The Hypothetical Migraine Drug Comparative Effectiveness Study: A Payer's Recommendations For Obtaining More Useful Results

Health Affairs (Impact Factor: 4.97). 10/2012; 31(10):2225-30. DOI: 10.1377/hlthaff.2012.0730
Source: PubMed


This article explores issues of concern to payers evaluating the hypothetical comparative effectiveness case study of two fictitious migraine treatments in this month's Health Affairs. The case study presents the seemingly paradoxical situation in which randomized controlled trials produce one result, and real-world observational comparative effectiveness research produces another. For the payer making coverage decisions, this scenario raises three major themes related to interpretation and communication. First, there is a need for a well-considered set of criteria that weigh evidence across comparative effectiveness studies to determine whether enough evidence exists to communicate or enact new health care policies. Second, emphasis should be placed on studies that are published or presented in peer-reviewed settings. Third, access to raw comparative effectiveness research data would enable payers to more deeply explore research interests relevant to their particular constituencies. Payers' involvement in comparative effectiveness research should be encouraged, not discouraged, to advance our understanding of what works best and for whom.

3 Reads
  • [Show abstract] [Hide abstract]
    ABSTRACT: There may once have been a time when doctors unquestioningly accepted the government's declaration of a drug's effectiveness and when patients unquestioningly accepted the prescriptions of their doctors. That time has passed. Now, information-good and bad-showers from all directions on patients and physicians alike. A filter is needed, and peer review provides the best one. But who or what is this validated information for? Ethically, its primary purpose is to enable patients to make decisions consistent with their values. Providing vetted information in a form that is useful to patients requires an emphasis on comprehensible, comprehensive, trustworthy, verifiable, and transparent communication. The hypothetical comparative effectiveness case study in this month's Health Affairs does not appear to rise to the level that would be helpful to providers or patients.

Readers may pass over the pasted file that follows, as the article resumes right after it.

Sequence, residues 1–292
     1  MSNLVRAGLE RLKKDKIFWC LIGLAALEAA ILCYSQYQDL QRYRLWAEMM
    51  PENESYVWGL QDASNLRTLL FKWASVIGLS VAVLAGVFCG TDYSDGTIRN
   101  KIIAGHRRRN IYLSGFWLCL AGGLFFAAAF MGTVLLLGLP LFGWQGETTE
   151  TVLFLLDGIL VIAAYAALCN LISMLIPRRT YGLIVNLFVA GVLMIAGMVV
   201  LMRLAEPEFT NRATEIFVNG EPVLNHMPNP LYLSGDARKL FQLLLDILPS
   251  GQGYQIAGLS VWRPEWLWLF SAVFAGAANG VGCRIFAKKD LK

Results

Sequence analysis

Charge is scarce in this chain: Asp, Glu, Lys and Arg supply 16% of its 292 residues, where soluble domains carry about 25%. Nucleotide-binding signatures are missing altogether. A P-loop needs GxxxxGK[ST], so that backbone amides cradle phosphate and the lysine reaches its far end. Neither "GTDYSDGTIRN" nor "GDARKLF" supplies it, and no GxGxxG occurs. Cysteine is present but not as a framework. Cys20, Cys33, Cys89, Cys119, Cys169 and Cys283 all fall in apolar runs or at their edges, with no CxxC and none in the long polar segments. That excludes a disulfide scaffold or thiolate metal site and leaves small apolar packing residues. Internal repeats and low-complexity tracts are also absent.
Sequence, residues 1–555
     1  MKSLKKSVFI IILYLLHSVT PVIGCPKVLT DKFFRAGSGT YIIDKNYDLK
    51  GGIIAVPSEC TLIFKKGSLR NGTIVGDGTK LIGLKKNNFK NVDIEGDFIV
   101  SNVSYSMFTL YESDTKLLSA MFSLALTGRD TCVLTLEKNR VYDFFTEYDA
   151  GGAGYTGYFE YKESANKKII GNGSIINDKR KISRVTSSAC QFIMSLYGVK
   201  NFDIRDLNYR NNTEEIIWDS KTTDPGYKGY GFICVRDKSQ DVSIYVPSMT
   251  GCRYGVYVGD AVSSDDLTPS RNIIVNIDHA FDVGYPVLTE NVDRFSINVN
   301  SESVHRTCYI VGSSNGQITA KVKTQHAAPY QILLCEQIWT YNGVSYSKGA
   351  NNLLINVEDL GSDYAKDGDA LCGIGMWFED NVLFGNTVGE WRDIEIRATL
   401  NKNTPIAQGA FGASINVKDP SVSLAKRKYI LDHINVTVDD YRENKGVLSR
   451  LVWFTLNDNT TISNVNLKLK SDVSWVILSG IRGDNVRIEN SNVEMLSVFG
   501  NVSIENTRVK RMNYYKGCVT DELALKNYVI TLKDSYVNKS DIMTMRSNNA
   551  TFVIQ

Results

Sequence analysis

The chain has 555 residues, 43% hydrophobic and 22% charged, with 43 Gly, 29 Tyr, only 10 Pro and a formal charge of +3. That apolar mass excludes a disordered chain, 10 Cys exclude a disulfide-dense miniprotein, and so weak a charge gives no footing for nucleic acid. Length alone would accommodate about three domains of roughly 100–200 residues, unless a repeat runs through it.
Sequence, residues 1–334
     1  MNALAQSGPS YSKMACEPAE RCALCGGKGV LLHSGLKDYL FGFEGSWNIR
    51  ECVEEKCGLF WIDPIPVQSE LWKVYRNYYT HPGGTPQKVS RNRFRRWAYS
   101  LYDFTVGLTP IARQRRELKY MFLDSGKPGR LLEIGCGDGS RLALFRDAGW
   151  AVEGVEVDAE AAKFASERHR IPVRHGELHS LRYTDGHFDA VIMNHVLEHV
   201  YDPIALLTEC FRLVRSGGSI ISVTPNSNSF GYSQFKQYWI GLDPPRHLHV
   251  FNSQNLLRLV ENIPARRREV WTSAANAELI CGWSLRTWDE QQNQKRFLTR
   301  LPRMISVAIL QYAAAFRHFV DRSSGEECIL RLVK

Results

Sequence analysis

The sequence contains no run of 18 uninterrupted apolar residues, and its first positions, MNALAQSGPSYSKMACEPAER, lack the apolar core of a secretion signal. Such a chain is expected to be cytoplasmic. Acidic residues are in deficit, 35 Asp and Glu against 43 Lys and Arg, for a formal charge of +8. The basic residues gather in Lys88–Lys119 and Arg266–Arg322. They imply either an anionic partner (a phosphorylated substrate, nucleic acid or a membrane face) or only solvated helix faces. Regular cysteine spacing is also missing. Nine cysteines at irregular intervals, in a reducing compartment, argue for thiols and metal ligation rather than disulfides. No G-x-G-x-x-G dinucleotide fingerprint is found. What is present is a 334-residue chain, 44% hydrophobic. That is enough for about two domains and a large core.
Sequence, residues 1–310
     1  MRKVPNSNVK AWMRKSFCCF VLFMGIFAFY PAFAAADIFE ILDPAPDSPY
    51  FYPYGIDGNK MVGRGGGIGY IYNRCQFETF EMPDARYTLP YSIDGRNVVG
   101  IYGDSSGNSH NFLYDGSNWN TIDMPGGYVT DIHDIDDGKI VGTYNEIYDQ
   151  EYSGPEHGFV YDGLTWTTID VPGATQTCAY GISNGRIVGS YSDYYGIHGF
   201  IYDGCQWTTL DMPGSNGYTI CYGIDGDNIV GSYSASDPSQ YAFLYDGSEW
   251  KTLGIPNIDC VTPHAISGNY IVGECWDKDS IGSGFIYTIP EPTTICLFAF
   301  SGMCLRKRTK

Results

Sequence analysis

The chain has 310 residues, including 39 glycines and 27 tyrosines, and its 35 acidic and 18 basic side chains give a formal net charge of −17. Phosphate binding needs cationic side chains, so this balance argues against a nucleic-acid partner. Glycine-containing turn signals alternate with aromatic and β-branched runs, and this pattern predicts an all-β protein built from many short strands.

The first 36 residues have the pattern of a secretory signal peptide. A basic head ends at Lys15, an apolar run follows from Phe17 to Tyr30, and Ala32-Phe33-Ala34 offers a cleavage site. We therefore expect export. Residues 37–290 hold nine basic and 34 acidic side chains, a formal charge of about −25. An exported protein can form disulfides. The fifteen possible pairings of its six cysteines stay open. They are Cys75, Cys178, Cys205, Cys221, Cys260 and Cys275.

Health Affairs 10/2012; 31(10):2236-40. DOI:10.1377/hlthaff.2012.0793 · 4.97 Impact Factor
  • [Show abstract] [Hide abstract]
    ABSTRACT: Comparative effectiveness research evaluates the relative effectiveness, safety, and value of competing treatment options in clinically realistic settings. Such evaluations can be methodologically complex and difficult to interpret. There will be a growing need for critical evaluation of comparative effectiveness studies to assess the adequacy of their design and to put new information into a broader context. Equally important, this knowledge will have to be communicated to clinicians in a way that will actually change practice. We identify three challenges to effective dissemination of comparative effectiveness research findings: the difficulty of interpreting comparative effectiveness research data, the need for trusted sources of information, and the challenge of turning research results into clinical action. We suggest that academic detailing-direct outreach education that gives clinicians an accurate and unbiased synthesis of the best evidence for practice in a given clinical area-can translate comparative effectiveness research findings into actions that improve health care decision making and patient outcomes.
    Health Affairs 10/2012; 31(10):2206-12. DOI:10.1377/hlthaff.2012.0817 · 4.97 Impact Factor
  • Source
    Journal of Comparative Effectiveness Research 09/2013; 2(5):413-8. DOI:10.2217/cer.13.59 · 0.72 Impact Factor
Show more